4. Exhibition

Campaign 2000 was inaugurated on 12 December, 2000, with the visit of Her Royal Highness to the exhibition hall in UNESCAP during the Opening Ceremony. The participants from "Mushroom Training for Disabled People" were delighted to meet with Her Royal Highness and explain about their products and accomplishments.

Throughout the 4-day long exhibition, the FAO booth attracted many visitors. The exhibition, along with the products, also featured posters and photos explaining the background (see ANNEX I). It was the only booth at the exhibition displaying agricultural products, and its agriculture-based training approach for disabled farmers captured the interest of a wide audience from different parts of the region, including the media. Panorama, a private Thai video company, which had been earlier contracted for the video shooting of "Mushroom Training for Disabled People", filmed the activities at Campaign 2000, to be aired as part of 60 minute documentary about graduate trainees for broadcast in Thailand and aboard. Thai ITV and a Japanese TV station also interviewed Mr Satit.

Seven persons from Ubon Ratchathani, including graduated trainees and the Center staff (list in ANNEX I), were selected2 to participate at the Campaign 2000. They presented the knowledge and techniques of processing they acquired by displaying their processed mushroom products. They also had an opportunity to sell the products they prepared (list of exhibited materials in ANNEX I).

By the end of the exhibition, 85 to 90 percent of the products on display were sold. The profits will be used to further develop the mushroom production activities at the Center. Although the sales of the products were not the primary purpose of participating at Campaign 2000, it provided an opportunity for the participants to learn to communicate to people, as well as about product sales and consumer preferences.

5. Future development

Campaign 2000 provided a good opportunity for participants to apply their skills and creativity to prepare value-added products and think about future marketing potential of mushroom production. The same motivation was shared among those graduated trainees who remained in Ubon. The experience of Campaign 2000 will provide a momentum for graduate trainees to continuously seek further sustainable means of income generation by value addition and explore market potential, while sharing their techniques with their families and communities.

In terms of the feedback from the audience at Campaign 2000, FAO exhibition attracted a fair amount of attention from among participating NGOs and other organizations carrying out activities in support of disabled persons. In fact, the participants were invited by the organizer of Campaign 2000 to exhibit again at another exhibition in Bangkok. This demonstrates that, while the majority of vocational training for disabled persons has been urban-based, there is growing acknowledgement of the importance of promoting rural-based vocational training. FAO's commitment to assist rural disabled farmers through their capacity building is therefore timely and merits further attention. It was, therefore, timely that FAO/RAP participation to Campaign 2000 was initiated by the Rural Development Unit.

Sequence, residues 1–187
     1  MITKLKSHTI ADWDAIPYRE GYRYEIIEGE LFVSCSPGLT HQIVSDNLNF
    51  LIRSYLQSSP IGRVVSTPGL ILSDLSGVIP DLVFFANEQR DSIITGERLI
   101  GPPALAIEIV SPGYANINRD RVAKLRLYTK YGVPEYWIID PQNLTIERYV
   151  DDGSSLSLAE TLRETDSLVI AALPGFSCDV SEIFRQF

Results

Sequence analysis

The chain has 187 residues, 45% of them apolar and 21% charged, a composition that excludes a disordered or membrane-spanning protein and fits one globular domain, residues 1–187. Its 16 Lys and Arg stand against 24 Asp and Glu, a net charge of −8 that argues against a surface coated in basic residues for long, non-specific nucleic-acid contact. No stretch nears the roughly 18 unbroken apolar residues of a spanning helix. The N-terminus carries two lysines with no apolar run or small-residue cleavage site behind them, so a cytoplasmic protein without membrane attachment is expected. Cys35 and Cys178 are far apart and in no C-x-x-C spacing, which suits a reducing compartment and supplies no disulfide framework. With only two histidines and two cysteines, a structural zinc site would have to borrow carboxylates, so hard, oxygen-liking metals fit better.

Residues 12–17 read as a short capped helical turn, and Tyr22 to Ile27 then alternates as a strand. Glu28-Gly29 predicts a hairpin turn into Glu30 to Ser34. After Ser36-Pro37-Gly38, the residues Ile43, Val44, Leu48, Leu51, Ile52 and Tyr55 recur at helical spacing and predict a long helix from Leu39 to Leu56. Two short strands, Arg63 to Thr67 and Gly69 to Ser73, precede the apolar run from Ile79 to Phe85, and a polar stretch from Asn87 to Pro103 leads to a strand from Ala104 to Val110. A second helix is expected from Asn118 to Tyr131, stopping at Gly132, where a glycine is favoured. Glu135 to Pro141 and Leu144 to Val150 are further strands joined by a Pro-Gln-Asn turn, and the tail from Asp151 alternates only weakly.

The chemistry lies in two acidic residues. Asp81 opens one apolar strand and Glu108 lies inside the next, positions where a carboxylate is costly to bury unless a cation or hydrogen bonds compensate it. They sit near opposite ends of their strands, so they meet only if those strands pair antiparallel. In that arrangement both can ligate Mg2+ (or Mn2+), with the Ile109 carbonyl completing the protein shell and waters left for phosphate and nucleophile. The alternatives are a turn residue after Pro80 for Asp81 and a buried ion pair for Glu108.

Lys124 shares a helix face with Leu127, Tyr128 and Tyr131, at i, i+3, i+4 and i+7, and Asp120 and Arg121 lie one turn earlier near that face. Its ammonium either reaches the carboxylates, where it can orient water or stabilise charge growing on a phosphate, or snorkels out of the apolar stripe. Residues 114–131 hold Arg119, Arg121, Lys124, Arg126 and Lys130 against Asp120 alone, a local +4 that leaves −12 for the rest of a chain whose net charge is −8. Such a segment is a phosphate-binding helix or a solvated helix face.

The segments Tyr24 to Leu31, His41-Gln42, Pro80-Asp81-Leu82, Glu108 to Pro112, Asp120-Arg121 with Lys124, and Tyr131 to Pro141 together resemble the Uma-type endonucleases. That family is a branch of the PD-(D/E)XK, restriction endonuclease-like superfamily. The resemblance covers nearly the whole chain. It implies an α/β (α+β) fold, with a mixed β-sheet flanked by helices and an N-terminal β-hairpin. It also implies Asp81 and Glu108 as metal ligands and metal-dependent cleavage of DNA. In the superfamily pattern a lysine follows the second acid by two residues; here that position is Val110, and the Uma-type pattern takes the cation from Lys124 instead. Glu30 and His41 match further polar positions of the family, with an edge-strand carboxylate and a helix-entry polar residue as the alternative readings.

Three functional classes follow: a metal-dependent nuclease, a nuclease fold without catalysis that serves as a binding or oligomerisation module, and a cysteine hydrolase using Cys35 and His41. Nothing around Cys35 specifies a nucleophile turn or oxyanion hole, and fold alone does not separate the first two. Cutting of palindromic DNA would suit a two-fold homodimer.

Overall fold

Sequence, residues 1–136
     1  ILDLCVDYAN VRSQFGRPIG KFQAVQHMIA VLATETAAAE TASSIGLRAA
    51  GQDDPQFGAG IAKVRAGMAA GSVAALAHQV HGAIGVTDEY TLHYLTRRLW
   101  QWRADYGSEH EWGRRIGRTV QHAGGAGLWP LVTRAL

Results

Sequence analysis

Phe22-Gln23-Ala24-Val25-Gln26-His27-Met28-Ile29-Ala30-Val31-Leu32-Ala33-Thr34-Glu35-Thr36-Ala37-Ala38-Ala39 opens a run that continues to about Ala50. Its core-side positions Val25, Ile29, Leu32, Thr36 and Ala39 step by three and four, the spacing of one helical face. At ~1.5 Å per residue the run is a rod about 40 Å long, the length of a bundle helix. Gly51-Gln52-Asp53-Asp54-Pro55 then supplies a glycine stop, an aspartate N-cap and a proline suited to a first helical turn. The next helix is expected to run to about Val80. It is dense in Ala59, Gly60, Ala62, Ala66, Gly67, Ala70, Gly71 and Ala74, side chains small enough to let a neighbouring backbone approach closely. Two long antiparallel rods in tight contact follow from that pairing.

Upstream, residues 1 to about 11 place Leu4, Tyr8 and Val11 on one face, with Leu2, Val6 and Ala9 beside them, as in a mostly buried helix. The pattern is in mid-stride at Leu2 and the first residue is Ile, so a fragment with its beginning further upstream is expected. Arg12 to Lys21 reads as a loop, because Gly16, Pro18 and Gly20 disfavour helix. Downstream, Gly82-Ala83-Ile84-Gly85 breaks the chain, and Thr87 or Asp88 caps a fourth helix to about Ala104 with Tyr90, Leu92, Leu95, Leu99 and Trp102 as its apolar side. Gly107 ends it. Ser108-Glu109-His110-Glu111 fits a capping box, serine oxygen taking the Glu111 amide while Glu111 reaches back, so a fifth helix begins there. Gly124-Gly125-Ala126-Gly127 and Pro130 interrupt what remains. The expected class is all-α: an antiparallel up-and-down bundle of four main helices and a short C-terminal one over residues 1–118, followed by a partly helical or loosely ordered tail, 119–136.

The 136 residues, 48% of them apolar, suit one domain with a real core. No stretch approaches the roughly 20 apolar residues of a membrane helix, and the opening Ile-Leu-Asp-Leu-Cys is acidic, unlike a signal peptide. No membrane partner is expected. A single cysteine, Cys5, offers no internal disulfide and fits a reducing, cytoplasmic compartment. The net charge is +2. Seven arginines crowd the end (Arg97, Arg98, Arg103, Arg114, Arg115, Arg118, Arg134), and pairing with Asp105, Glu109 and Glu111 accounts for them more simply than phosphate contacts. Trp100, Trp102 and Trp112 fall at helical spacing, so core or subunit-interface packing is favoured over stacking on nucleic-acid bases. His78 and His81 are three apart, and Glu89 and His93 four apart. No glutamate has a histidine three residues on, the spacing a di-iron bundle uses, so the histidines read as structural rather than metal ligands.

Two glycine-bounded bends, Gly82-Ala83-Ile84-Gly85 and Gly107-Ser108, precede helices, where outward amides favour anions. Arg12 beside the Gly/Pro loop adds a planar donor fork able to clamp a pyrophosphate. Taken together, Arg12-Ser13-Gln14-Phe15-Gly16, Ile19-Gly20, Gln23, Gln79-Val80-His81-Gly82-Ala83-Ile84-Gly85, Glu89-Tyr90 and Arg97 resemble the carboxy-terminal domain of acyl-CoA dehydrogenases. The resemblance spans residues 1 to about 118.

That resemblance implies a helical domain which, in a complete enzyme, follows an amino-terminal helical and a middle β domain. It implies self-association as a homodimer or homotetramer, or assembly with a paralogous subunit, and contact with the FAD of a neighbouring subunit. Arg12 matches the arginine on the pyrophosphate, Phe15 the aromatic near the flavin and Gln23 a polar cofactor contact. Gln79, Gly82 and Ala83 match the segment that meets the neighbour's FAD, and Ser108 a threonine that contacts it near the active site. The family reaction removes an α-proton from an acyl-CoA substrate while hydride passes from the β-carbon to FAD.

We strongly feel that the experience of this type of activity, as one of such examples, should be shared with wider audiences: e.g. different units and field offices in FAO as well as other interested organizations, including government agencies and donors.

Endnotes

1This two-year long pilot project, carried out in Ubon Ratchathani, Thailand, was completed successfully in November 2000. The project aimed at providing technical assistance through the Department of Public Welfare of the Ministry of Labour and Social Welfare to establish an innovative methodology for vocational training for the rural disabled. During the two-month-long training at the Department's Northeastern Rehabilitation Center for the Disabled Persons located in Ubon Ratchathani (the Center), the trainees, who have been selected in collaboration with local Tambon administrations from a large number of candidates, learn mushroom cultivation, processing and marketing through on-the-job training. The training curriculum has three components: (1) individual and group motivation classes at the start of the training course, through which the trainees develop a sense of self-confidence as well as unity with their fellow trainees; (2) technical capacity building on mushroom production for trainees with different disabilities, both mental and physical; and (3) mushroom production based small enterprise development. 48 trainees graduated from two batches of the training, and most of them established small mushroom houses in their communities. A small number of graduated trainees remained in the Center to be trainers of new trainees.
2Through the missions to Ubon Ratchathani participants to Campaign 2000 were selected according to (1) their willingness, (2) quality of their processed products, and (3) their availability to participate.

ANNEX I

MISSIONS

CAMPAIGN 2000 ITINERARY

10/12/00

Arrival of participants from Ubon Ratchathani

11/12/00

Preparation of exhibition at UNCC

12/12/00

Opening of Campaign 2000